Book review: The Meaning of Tango: The Story of the Argentinian Dance

Originally published on the Tango Club (Auckland) website on 4 January 2010

Review by Stephan Resch, 4 January 2010

by Christine DennistonLondon: Portico Books, 2007Related links:Christine Denniston's website
by Christine Denniston
London: Portico Books, 2007
Related links:
Christine Denniston’s website
Writing about a dance is a difficult task. You have physical expression on the one side, verbal expression on the other. Finding words that adequately convey the language of dance, therefore, has its pitfalls and certainly when one claims, as Christine Denniston does in her book, to explain the meaning of a dance as rich and complex as tango, there is great potential for failure. Denniston, a physicist turned tango teacher, is keenly aware of this and points out that her book is merely a record of her conversations with people who danced tango in Buenos Aires during the “Golden Age” of the dance, between the 1930s and the 1950s. Their memories and their interpretation of what tango was when they danced it serves as the research backbone of her book.

Denniston writes in a clear and uncluttered style, which makes the chapter on the history of tango, closely linked with male-dominated italo-hispanic immigration, an intriguing read. Tango flourished, because it was a socially accepted way to meet a woman and with so many men around, it was paramount to be a good leader in order to attract the attention of the other sex. Men practised with other men first in order to avoid looking like a beginner and would only appear on the dance floor once they had reached a level deemed high enough to make them a desirable dance partner for the women. Denniston points out the main milestones in the development of the dance, such as its short but important leap to fame in Europe just before World War I, which, upon its return to Argentina, made it palatable to middle class Argentinians, who had previously viewed it mainly as a working class pastime. She interweaves historical facts with occasional comments about the development of tango music, such as the evolution from the tango song of the 1920s, primarily aimed at listening, (that’s why they don’t play Carlos Gardel at milongas!) to tango made for the social dance floor.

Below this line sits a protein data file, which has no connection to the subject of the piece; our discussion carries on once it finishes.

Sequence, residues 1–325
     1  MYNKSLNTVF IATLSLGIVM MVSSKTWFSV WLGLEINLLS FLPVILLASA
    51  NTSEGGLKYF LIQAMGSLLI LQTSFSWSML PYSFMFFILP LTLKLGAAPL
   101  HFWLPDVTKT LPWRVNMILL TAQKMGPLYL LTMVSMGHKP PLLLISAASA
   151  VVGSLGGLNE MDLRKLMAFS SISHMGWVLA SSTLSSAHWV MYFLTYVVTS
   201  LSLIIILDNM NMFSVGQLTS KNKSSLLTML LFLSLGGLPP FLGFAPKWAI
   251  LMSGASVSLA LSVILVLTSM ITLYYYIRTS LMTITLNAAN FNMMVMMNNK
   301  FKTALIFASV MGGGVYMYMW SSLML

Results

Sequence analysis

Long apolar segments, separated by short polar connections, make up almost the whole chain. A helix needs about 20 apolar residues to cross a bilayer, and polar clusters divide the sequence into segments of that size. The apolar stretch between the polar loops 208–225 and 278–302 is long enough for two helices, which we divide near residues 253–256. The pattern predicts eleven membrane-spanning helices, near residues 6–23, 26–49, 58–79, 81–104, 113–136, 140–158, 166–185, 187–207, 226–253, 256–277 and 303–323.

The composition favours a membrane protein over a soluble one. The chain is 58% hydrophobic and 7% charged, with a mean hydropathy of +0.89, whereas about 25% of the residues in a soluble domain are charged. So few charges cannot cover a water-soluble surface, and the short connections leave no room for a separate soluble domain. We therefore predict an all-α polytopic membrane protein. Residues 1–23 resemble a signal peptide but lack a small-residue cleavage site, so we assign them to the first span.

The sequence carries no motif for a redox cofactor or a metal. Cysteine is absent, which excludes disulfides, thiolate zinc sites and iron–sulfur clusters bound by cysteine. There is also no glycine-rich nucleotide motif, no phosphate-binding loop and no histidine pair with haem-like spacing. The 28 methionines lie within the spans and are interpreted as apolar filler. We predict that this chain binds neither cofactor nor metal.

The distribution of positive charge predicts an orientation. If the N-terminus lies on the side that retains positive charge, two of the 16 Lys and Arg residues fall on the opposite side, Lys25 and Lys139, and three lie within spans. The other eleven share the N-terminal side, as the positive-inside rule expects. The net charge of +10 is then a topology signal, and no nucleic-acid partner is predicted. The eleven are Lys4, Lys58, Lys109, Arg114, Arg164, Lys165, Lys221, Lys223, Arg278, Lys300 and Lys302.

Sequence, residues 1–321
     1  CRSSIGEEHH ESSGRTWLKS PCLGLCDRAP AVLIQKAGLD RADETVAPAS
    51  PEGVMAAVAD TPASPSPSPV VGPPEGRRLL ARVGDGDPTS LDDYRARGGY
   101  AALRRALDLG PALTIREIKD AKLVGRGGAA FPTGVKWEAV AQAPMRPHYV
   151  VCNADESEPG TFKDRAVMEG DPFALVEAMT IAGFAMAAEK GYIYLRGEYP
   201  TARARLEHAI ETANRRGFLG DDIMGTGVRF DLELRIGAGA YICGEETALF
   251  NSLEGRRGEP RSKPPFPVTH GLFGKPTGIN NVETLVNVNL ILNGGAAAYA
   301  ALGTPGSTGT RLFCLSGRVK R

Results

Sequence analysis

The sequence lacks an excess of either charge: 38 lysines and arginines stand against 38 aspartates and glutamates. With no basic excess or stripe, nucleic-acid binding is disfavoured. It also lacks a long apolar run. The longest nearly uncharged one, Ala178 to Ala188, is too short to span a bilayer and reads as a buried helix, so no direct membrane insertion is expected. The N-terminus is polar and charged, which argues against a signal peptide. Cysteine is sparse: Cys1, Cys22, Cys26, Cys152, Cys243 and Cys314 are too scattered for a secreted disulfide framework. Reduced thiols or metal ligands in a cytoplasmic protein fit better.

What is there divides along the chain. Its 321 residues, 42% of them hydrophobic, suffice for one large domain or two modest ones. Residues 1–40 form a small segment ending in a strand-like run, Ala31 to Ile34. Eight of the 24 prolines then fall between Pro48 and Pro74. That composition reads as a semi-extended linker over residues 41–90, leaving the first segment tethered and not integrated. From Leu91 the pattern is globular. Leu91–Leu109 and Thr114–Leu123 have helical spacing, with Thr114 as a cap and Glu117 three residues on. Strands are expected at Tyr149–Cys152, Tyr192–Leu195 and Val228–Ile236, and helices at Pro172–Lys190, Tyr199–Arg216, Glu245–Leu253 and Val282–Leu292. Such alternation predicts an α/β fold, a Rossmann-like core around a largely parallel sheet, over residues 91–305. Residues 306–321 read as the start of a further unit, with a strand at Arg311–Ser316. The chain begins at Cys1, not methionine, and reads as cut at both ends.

Denniston’s chapters on the history of tango dance and music are so vivid and captivating probably because she is not writing an objective piece of academic research. The downside of this reliance on eye-witness accounts is its nostalgic glorification of the 1930s and the 1940s. To be sure, some of the greatest contributions to the dance and music were made at this time, but Denniston insists upon the presence of complete tango perfection which is difficult to believe. Her mantra “everything was better in the Golden Age” becomes repetitive and meaningless as she continues to bring to our attention, throughout the book, examples of choreographic mistakes and social no-nos which “would never have happened in the Golden Age.” By the way, did I point out that people danced much better in the Golden Age?

The third chapter is largely dedicated to tango technique. Quite rightly, Denniston insists that without the proper technique it is impossible to find the unique and satisfying experience that tango can offer. As an experienced teacher she is well qualified to explain what creates the quality of movement and connection necessary for a rewarding dance. While she explains beautifully what tango is all about, the awkward diagrams, charts and photos are not helpful. It is not that they are wrong or misleading, they do make sense to the experienced dancer. But the experienced dancer does not need them and to the beginner they probably seem like reading hieroglyphics. Having just explained in the previous chapter for how many years a Golden Age dancer was coached by peers before venturing on the dance floor, it seems illogical to continue the book as a “teach yourself tango guide”, as well written and well intentioned as it might be. It breaks the book into two parts and one wonders if the space could not have been better used to delve deeper into the history of the tango orchestras which are only briefly mentioned or the African origins of the dance which are hardly referred to. Also the development of tango since the Golden Age receives a very passing mention—one could have pointed out, for example, the advent of tango nuevo which brought a variety of new modes of expression and therefore meaning into tango. This would have contravened the wistful spirit of the book but its inclusion would have made the work fit its title better.

Denniston concludes with a useful glossary of tango jargon as well as practical tips for the aspiring tango dancer on clothes, shoes and music.

Overall, The Meaning of Tango provides a short but well-informed and readable introduction to the dance, although, given its focus, the title is somewhat misleading. “The Golden Age of Tango” would have been much more fitting representation of its content. It comes across as overly nostalgic and the apparent dual purpose of the book as a history and dance instruction manual makes it appear incoherent. This is a pity as Denniston clearly knows what she is talking about. Having said this, maybe the very concepts of meandering and discontinuity say something about the search for the meaning of tango.

Rating: 3.5 / 5